• Always be suspicious of short links and inspect URLs: Another common tactic hackers use is short links that hide the long URL, so when you click on something like tinyurl.com/example, you’re brought to a malicious website. Before clicking, inspect links closely. Be sure to use the preview functionality for short links so that you know where the link wants to send you before you click anything that could be a well-disguised trap.
  • Be wary of websites with errors: Hackers can also send you to a fake website that will sometimes be so well done that you cannot easily distinguish between the fake site and the real site. (Although, a few spelling errors can sometimes give it away.) When you log in through these fake sites, hackers can capture your login information and use it to gain unauthorized access to other information in your accounts. They can also often log in to other websites and change your password so that you are essentially locked out. By the same means, hackers can gain access to your email and send mass emails to all your contacts.
  • Report right away and don’t respond: The thing is, we are all human, and humans make mistakes. If you’ve been hacked or suspect you have, report it immediately to your IT team and your supervisor. Reporting hacking immediately can help management to stop an attack or communicate with the rest of the team so that malware doesn’t spread throughout the office. Also, don’t respond to that email or message to check if it’s legitimate. Forward the information on to your IT team. If it’s legitimate, they will let you know, and you won’t have to worry about taking a risk by clicking a link. In addition, it’s important that you don’t click unsubscribe links in phishing emails. They can infect you just like any other link or attachment in that email. Furthermore, any response will validate your email address, and the hackers will simply send more phishing emails.

Tips for Management

Managers and organization leadership are also targets for phishing. However, if you’re a manager, you also have the additional responsibility of ensuring your staff are armed with the information they need to help keep your organization from falling victim to phishing attacks. How can you help?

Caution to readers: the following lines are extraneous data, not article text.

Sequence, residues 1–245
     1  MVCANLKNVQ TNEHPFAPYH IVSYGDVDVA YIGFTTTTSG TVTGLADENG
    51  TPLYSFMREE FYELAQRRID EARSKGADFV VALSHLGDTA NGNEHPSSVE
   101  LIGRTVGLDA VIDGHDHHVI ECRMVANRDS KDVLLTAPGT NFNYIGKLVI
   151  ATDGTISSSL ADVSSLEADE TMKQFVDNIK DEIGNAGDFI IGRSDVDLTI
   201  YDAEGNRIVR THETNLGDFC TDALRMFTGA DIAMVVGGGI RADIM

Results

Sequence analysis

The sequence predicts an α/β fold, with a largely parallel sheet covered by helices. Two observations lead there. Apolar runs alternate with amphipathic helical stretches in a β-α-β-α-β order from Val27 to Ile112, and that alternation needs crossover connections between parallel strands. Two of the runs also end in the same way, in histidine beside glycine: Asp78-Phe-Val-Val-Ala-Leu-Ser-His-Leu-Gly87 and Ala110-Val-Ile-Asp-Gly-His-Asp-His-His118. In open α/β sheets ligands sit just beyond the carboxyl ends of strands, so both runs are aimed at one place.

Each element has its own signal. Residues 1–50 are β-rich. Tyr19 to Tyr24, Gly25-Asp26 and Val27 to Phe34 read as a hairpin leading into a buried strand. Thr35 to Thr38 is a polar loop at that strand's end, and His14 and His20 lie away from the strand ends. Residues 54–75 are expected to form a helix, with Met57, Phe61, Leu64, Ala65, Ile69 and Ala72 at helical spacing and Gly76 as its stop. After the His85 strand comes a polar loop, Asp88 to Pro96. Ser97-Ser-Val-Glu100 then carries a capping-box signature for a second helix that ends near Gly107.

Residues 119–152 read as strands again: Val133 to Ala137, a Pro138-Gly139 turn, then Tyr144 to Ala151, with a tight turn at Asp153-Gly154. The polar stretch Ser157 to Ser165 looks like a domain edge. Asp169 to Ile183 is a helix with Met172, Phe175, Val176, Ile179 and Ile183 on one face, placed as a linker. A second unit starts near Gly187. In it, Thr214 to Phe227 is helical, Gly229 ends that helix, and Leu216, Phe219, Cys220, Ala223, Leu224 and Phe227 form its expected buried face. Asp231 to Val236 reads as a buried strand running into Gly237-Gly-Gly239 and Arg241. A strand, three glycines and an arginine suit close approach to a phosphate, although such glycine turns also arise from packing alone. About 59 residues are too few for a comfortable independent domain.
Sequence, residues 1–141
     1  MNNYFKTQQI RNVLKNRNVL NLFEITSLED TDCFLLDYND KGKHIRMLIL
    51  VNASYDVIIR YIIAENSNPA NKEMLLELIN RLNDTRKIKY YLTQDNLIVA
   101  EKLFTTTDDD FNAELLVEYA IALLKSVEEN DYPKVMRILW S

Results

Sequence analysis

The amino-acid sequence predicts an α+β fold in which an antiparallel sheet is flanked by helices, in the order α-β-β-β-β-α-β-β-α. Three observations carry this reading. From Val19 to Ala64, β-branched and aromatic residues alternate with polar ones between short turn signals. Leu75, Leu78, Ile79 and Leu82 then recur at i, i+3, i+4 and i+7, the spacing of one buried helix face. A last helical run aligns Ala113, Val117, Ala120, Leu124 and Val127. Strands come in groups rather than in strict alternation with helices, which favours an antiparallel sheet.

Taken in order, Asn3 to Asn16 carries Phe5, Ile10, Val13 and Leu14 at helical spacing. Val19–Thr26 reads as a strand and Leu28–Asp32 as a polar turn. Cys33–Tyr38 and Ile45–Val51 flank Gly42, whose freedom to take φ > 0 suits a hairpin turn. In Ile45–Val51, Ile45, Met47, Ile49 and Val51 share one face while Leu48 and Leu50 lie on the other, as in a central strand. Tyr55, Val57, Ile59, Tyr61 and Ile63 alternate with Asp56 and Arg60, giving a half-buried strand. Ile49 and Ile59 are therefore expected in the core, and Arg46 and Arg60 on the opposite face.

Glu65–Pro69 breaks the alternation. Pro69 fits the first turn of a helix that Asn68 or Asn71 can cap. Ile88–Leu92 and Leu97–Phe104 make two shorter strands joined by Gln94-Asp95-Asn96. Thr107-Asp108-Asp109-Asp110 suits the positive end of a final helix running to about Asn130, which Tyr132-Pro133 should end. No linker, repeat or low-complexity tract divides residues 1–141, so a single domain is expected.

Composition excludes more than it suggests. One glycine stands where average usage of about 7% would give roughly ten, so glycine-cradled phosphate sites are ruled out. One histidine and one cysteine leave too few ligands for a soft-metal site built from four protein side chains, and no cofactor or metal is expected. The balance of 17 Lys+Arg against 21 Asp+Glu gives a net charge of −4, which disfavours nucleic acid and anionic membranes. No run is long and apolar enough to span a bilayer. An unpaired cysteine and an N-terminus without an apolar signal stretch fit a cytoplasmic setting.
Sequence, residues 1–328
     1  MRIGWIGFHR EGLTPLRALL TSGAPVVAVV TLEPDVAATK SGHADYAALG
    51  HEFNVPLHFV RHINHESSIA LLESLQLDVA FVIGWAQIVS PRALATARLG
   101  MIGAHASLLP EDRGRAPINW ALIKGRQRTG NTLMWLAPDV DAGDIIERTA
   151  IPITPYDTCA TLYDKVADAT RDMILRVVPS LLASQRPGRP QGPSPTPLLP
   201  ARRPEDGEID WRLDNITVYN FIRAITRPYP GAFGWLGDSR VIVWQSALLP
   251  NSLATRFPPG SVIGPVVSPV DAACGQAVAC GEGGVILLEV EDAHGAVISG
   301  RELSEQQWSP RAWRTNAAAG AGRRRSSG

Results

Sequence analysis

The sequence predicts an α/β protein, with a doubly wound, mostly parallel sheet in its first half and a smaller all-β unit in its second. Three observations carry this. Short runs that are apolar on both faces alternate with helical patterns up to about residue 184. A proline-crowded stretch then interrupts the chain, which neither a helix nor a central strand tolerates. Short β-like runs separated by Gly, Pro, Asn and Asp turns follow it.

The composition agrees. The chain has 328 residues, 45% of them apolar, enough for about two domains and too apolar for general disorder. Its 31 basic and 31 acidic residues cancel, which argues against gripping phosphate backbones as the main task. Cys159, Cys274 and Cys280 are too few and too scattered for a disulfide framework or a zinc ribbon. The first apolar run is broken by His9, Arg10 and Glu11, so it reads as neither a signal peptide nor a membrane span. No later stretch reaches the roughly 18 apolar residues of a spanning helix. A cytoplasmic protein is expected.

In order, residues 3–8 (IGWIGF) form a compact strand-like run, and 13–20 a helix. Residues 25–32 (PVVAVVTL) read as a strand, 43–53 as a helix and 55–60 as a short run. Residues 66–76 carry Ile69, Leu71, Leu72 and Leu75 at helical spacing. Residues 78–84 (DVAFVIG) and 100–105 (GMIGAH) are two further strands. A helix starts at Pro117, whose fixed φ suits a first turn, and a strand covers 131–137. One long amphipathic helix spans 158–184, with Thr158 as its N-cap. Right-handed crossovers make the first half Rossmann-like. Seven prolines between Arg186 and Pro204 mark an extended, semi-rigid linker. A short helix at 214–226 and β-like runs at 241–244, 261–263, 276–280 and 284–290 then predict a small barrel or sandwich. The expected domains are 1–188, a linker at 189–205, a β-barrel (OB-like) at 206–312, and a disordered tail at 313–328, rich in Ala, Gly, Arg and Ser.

• Invest in security awareness training: Mandating or encouraging security awareness training for all staff will help turn every employee into a cybersecurity first-line defender. Remember that it only takes one employee to click a link and the whole environment could be compromised. Since the average cost of recovering from a phishing attack is estimated at $4.24 million, according to an IBM study, training is a smart investment.
  • Implement a secure password manager: If your company does not already use a secure password manager, recommend they get one in place ASAP. A password manager will reduce the risk of your staff writing passwords down or using the same password repeatedly – this can greatly reduce the risk of compromised accounts.
  • Ensure staff know why and how to report phishing attempts: Part of onboarding training should include the steps to take when employees receive a phishing attempt. Not only should they know what steps to take, but they should also feel safe to report an incident — even if they have made a mistake and clicked on something they shouldn’t have. As a manager, it is your job to create that safe environment, because if incidents are reported quickly, they can sometimes be halted before damage is done.

We hope these tips are helpful! If we all work together we can thwart criminals before they get access to your organization’s environment and data.